HISTORY OF HAIKU
10 haikuists and their works
Suju Takano (1893 ~ 1976)
The poets of Taisho Hototogisu had produced many masterpieces, by resorting to romantic imagination and to the emphatic words. But this tendency had gone to excess and haikus pursuing superficial effects became popular.
At the beginning of the Showa era (1926 ~ 1989), the haikus of the Hototogisu school took a new direction; Kyoshi Takahama, to moderate this excess, started to advocate the necessity of "shasei" (sketching). This meant return to the design of Shiki Masaoka. He insisted that haikus not based on exact observation and precise description do not touch the readers. He invented the expression "kyakkan shasei" (objective sketching) and made it the principle of writing.
Following this new direction, several poets appeared such as Shuoshi Mizuhara (1892 ~ 1981), Suju Takano, Seiho Awano (1899 ~ 1992), Seishi Yamaguchi (1901 ~ 1994), Kusatao Nakamura (1901 ~ 1983). Each poet could create a personal style adapting "kyakkan shasei". I present here Suju Takano, who left the most remarkable poems.
An important characteristic of his haikus is the description of foreground. Often, his haikus contain only things right before the eyes. This method makes a sharp contrast with that of the Taisho Hototogisu poets who intended to describe the distant view especially. (see the article of Hisajo Sugita)
Shuoshi Mizuhara, opposed to Suju, severely reproached his descriptions of foreground which, Shuoshi said, were no more than monotonous scientific reports. But Shuoshi's criticism does not seem just to me. If we read Suju's haikus attentively, we realize that he keeps unique understanding of the structure of space in his expressions which look like, at first sight, simple explanations of landscape.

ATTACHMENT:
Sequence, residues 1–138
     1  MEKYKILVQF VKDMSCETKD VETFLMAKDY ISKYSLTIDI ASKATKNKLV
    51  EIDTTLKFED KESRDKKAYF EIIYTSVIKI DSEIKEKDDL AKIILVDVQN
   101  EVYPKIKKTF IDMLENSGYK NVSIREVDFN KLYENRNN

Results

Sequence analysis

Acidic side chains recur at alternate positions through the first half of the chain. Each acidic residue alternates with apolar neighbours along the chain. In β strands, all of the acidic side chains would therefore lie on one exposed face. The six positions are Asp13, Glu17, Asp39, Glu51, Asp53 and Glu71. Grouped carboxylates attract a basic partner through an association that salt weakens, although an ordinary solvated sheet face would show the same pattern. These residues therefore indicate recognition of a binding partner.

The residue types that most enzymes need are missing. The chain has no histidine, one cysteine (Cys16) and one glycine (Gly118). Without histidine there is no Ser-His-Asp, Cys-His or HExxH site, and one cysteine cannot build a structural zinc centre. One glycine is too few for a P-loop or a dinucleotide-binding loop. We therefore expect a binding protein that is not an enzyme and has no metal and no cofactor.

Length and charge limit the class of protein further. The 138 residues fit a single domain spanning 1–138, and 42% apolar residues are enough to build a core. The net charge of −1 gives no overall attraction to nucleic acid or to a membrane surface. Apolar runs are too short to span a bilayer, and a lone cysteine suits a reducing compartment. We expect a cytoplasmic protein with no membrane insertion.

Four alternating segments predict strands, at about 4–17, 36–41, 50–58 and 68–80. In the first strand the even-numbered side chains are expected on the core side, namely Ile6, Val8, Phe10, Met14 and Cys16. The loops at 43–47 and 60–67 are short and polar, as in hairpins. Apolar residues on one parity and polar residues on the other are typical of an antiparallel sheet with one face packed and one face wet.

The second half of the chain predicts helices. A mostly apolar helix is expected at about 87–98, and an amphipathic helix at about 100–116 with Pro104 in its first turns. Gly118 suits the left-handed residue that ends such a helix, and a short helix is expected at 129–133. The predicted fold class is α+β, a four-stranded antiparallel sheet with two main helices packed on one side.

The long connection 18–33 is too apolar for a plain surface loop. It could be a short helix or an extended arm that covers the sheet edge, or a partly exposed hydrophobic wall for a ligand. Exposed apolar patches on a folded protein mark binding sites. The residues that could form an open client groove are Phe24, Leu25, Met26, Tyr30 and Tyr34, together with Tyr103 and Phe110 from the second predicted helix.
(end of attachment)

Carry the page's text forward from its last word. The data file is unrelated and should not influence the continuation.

Almost all the haikuists regard the works of Suju as results of the "kyakkan shasei". However he was not a realistic artist in the modern sense of words. He respected symbolic nuances that words, especially kigos, contain. He adopted the attitude to project images of things on the screen made of nuances of the words.
Consequently, even if there are descriptions of foreground, Suju's haikus do not throw them into sharp relief; they give an impression that the poet carried his viewpoint far away and that he saw "here" in peace.
On the contrary, Kusatao Nakamura, contemporary of Suju, was a true realist; he liked to tear traditional nuances off the words.
Suju's works that use fully the symbolizing function of the Japanese
language, is one of the highest peaks of the Hototogisu school.
Only the wind is heard
Blowing in the pines.
Sprout of plantain,
Of various sizes.
Line of licorice's sprouts
Towards the summer hill
In the garden.
Climbs over the fence.
This peach is green.
And it holds a little red.
One spider's thread
In front of a lily.
Fly away over there
Crows of the New Year.
A bubble grows.
A thin ice plate moves a little.
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